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Media: Brussels plans to hit Chinese Temu and Shein with new tariffs

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The European Union plans to impose tariffs on cheap goods purchased from Chinese online retailers including Temu, Shein and AliExpress, Reuters reported, citing the Financial Times, which cited three people briefed on the matter.

European Commission This month, the EU will propose abolishing the current threshold of 150 euros below which goods can be purchased duty-free, Reuters reported, citing a report published by the FT.

Media: Brussels plans to hit Chinese sellers with tariffs

Under current EU rules, parcels purchased online from a non-EU country are not subject to customs duties if their value does not exceed €150.

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Two billion parcels with a declared value of less than 150 euros arrived in the EU from non-EU countries in 2023, the European Commission said, stressing that “the volume of e-commerce is testing customs borders,” Reuters reported.

The EU had been discussing lifting the cap as part of a customs reform bill proposed by the Commission in May 2023, but may now seek to speed up its adoption to counter the rise in cheap imports, the FT reported.

“We fully support lawmakers' efforts to reform the de minimis rule,” a Shein spokesman said, according to Reuters. AliExpress' parent company Alibaba, Temu and European Union did not immediately respond to Reuters' requests for comment.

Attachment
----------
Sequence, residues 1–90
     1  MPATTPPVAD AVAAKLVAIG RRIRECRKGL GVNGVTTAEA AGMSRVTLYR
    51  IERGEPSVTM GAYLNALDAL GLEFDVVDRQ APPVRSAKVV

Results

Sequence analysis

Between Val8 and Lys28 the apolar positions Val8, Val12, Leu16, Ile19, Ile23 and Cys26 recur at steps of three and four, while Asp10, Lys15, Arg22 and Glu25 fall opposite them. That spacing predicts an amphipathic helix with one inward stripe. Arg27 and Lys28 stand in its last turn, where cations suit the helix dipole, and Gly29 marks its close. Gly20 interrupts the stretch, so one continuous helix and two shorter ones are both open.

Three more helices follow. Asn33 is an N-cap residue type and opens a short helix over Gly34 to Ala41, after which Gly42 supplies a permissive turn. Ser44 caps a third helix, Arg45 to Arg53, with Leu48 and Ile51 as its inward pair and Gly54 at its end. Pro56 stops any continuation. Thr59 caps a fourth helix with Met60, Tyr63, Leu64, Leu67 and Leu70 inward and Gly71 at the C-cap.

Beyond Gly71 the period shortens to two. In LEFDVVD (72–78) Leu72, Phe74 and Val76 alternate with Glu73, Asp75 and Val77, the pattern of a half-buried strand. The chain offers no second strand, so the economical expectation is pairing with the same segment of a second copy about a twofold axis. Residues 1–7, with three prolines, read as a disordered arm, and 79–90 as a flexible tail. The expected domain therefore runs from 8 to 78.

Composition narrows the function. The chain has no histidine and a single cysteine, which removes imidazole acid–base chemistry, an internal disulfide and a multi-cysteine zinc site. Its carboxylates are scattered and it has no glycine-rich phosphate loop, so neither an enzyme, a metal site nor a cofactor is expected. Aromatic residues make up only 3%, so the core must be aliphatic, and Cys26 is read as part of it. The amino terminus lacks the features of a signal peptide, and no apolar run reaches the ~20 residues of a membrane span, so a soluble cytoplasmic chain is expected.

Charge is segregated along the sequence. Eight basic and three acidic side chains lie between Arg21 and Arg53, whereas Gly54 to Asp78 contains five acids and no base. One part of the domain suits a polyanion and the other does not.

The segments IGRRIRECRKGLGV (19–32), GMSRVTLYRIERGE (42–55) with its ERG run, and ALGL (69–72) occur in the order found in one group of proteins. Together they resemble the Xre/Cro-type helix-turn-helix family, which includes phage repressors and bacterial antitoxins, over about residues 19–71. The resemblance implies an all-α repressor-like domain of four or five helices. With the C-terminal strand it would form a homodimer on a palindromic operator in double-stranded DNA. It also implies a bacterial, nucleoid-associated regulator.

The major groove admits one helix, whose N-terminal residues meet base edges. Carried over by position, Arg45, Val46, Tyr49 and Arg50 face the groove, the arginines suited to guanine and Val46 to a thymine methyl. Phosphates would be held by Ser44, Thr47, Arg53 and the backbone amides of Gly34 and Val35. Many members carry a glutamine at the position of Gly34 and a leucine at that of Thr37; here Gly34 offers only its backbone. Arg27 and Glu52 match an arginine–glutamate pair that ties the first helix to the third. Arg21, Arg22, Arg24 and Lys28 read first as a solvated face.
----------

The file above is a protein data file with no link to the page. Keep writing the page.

Fragment of the program “Nothing Simple: Ultra Fast Fashion”, TVN24 GOOne day off a week, work for a bowl of rice with vegetables and starvation wages – this is the reality of workers in Chinese sewing factories of ultra fast fashion. Sinologist Weronika Truszczyńska tells the story of many Chinese “migrant workers” who, in search of a better future for themselves and their children, take on work that some call “modern slavery”. A fragment of the program “Nothing Simple: Ultra Fast Fashion”, available on TVN24 GO. Antonina Dlugosinska, TVN24 GO

Critics of Shein and Temu in the United States have already complained that Chinese sellers are using import tax exemptions to undercut competitors and avoid customs inspections of their products.

The practice is intended to help both companies offer dresses for as little as $8 and smart watches for $25 to shoppers around the world, Reuters reported.

Main image source: Adobe Stock



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